Ultimately, the needs of the network for a diverse, decentralized, and independent group of validators must take priority.

An alternative would be to fully “internalize” the cost of centralization into the reward function. One way to do this would be to up-weight any downtime in the your_adjusted_online_ratio by the number of seats held by the validator. Thus if a validator chose to take multiple seats in an epoch, exclude other potential validators in the process, and in doing so made the network overly reliant on their availability, this validator should also assume a proportionate amount of responsibility for their availability.

The key idea here is that risk and reward must always stay in balance. The current system allows a validator to “guarantee” rewards (by taking multiple seats and consolidating the network) without any corresponding increase in risk or accountability.

I’m slightly surprised this was not discussed more during Stake Wars.

I have a few questions around this problem:

  1. What happens to the stake rewards of those who staked after that 1 seat limit was achieved by the validator? Are they ignored and now have to stake with their 2nd/3rd choice? Do they have to wait for someone to unstake so they can rush to fill that spot?
  2. How can we tell the difference between people blindly staking in the biggest ones and those validators actually being the “best” validators (being most transparent, giving most back to the community, voting the way most token holders are aligned with)?

For now I like this solution the most, although I’m slightly concerned does that create a scenario where if that validator misses his expected block amount even by 1, he still gets kicked?



the solution seems obvious: a “limit one seat per customer” policy. … If a validator wishes to stake more some than twice the seat price, they can start a second validator, and incur the “penalty” of the additional operational complexity.

The reason why the current system is rewarding proportional to stake is that it’s “fair” mechanism.

Any non-fair mechanism lead to just more hacks that people will deploy. Specifically if one tries to force validators to have more “nodes”. For example, it’s pretty easy to add to neard right now an option to sign with as many validator keys as one wants. Hence it will look like there are a bunch of validators in the network - but in reality they all run on the same computer.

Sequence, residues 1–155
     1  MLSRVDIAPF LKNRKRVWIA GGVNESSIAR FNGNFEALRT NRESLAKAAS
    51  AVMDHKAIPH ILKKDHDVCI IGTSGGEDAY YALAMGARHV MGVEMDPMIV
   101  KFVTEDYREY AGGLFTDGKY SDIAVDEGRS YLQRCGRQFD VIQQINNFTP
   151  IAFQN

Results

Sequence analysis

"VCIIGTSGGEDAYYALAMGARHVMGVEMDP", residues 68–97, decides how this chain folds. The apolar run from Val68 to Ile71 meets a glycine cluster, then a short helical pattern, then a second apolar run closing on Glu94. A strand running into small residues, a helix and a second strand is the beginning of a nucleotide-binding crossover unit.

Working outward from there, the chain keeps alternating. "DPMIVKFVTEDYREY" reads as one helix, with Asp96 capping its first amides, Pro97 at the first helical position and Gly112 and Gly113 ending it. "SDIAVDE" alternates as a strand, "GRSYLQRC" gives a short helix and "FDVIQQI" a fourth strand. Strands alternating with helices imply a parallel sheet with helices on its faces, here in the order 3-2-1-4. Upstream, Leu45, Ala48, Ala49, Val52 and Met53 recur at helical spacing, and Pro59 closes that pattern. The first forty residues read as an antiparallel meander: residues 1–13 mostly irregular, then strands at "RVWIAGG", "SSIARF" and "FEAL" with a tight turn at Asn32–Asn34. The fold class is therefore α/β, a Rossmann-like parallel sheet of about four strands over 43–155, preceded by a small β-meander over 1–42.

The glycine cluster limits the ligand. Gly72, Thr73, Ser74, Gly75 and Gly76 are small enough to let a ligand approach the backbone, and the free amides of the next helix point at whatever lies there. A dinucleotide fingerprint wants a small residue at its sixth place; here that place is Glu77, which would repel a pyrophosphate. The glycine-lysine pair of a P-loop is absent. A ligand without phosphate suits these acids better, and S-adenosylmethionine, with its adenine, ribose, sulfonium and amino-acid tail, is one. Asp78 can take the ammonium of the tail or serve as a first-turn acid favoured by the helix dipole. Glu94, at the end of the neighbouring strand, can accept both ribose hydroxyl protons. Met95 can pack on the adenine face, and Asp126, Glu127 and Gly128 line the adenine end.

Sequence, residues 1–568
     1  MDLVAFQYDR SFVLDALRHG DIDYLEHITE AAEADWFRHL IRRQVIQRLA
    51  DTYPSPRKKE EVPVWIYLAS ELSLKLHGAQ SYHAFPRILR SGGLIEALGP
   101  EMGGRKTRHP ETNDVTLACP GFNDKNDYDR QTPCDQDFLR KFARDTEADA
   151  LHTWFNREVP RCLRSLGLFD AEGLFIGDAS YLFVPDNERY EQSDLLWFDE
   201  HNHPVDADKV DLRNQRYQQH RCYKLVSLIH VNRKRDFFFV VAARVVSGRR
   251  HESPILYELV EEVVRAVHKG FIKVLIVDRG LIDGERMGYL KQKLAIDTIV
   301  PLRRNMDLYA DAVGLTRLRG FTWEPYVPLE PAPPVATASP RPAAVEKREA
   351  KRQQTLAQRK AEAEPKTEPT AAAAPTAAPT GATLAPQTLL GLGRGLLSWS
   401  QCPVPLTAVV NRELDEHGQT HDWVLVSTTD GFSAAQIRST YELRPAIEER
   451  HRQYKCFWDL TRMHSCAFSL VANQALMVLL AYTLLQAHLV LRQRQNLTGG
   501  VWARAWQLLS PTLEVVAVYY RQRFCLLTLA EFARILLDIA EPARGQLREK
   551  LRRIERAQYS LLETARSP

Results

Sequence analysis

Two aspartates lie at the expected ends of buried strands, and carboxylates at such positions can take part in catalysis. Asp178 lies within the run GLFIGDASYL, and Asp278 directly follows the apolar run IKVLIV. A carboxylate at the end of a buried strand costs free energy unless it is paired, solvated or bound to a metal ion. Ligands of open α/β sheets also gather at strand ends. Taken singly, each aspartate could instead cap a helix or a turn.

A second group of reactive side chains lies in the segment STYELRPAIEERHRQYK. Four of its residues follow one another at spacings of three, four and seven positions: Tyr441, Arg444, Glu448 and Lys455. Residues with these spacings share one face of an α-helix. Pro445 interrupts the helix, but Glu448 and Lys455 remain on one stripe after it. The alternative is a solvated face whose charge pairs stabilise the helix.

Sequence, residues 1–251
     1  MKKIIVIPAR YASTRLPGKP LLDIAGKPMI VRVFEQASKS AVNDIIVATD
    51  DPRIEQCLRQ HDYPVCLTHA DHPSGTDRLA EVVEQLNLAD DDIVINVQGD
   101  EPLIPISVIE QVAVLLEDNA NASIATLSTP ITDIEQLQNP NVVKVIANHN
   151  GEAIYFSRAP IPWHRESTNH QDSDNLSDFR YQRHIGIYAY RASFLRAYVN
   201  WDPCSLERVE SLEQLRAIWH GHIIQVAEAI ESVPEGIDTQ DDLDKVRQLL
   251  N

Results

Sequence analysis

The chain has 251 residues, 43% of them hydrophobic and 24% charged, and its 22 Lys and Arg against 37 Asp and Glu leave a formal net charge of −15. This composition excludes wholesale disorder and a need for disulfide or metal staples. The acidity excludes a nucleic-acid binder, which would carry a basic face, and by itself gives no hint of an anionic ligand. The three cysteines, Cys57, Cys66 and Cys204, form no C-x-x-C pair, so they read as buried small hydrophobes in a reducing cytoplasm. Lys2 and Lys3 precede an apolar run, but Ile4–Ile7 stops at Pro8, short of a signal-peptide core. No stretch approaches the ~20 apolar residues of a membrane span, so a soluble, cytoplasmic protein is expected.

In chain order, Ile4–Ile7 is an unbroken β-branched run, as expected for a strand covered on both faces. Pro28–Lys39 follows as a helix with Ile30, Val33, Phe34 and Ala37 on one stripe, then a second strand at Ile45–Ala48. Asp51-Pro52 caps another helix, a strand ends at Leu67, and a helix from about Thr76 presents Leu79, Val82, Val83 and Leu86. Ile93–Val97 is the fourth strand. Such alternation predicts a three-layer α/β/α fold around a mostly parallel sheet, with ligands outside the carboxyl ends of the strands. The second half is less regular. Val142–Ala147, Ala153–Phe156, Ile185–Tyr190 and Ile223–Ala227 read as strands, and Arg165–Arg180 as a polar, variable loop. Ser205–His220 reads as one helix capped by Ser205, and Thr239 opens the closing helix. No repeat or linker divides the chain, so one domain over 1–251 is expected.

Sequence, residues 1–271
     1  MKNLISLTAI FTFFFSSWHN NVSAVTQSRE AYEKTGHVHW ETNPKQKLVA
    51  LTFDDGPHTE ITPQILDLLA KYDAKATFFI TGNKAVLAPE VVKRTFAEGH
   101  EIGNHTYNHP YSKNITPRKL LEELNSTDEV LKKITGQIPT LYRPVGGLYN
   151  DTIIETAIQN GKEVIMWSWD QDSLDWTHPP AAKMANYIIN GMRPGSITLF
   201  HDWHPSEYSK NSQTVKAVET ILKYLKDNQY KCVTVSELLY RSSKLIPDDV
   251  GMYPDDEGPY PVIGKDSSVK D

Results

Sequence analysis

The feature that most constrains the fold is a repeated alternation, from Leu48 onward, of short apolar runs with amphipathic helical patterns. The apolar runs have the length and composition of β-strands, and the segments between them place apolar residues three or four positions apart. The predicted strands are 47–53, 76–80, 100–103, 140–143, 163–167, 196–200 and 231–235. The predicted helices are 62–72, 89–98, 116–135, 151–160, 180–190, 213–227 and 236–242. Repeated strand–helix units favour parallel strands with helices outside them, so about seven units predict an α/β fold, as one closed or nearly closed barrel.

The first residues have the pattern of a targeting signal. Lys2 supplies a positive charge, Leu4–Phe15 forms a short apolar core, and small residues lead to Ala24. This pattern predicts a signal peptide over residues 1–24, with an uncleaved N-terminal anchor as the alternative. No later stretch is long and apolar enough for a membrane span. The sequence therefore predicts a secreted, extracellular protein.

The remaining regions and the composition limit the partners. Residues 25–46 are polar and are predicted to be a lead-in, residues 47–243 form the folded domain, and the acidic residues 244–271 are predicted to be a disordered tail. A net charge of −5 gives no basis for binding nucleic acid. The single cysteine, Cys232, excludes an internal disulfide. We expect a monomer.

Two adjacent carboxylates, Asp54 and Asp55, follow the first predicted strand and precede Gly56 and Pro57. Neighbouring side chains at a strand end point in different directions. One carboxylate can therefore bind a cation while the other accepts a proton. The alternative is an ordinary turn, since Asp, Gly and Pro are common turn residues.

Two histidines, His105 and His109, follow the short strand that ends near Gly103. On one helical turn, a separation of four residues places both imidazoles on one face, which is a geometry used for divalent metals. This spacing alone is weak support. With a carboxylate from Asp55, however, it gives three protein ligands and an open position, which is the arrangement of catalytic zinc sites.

So we actually not increasing decentralization at all and decreasing transparency.

See Block and chunk producer selection algorithm in simple nightshade for a way to purely increase number of validators.

This still would have centralization of larger capitalized validators but would remove some of the current mechanics around the problem with not having enough stake due to seat price going up all the time.

One way to do this would be to up-weight any downtime in the your_adjusted_online_ratio by the number of seats held by the validator.

This an interesting option. This will need to be paired with more information in explorers around current offline ratio and penalty rate communication.

E.g. something like this validator has 0.99% online rate and is penalized with x10 because of large stake hence effective return rate is X%. Which would allow people to consider this information more when selecting validators.

where if that validator misses his expected block amount even by 1, he still gets kicked?

Kick out ratio doesn’t change as it’s in % missed blocks. So it’s just penalty on returns.
And mostly it will penalize delegators for putting on a large validator that doesn’t deliver 100%

I think one problem with this option in current setup is that validators may not want to accept more capital over some line and right now there is no way to restrict this. But this can be a good addition to the staking-pool contract version.

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Ok, understood. Then voting has to be decoupled from delegation, you shouldn’t have to satisfy with 2nd/3rd choice just because your first one doesn’t have the capacity to accept your vote.

Yes, I think that is important lesson from the Phase II that we have discussed on Friday - even though validators in general do have more information but specifically pools are not the best manifestation of it for people to select it.

Also not all validators have time to participate in the at the specifics of the decisions as they are running across many networks. I’ll try to suggest an experiment based on the discussions we had a governance protocol group.